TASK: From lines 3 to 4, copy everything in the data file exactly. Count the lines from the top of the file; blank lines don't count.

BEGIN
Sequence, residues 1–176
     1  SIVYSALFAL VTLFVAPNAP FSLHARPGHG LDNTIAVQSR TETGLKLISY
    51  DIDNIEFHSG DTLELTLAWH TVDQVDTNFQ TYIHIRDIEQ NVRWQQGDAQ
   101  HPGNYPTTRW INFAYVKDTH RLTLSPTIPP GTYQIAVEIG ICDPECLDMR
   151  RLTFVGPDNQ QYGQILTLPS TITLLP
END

    51  DIDNIEFHSG DTLELTLAWH TVDQVDTNFQ TYIHIRDIEQ NVRWQQGDAQ
   101  HPGNYPTTRW INFAYVKDTH RLTLSPTIPP GTYQIAVEIG ICDPECLDMR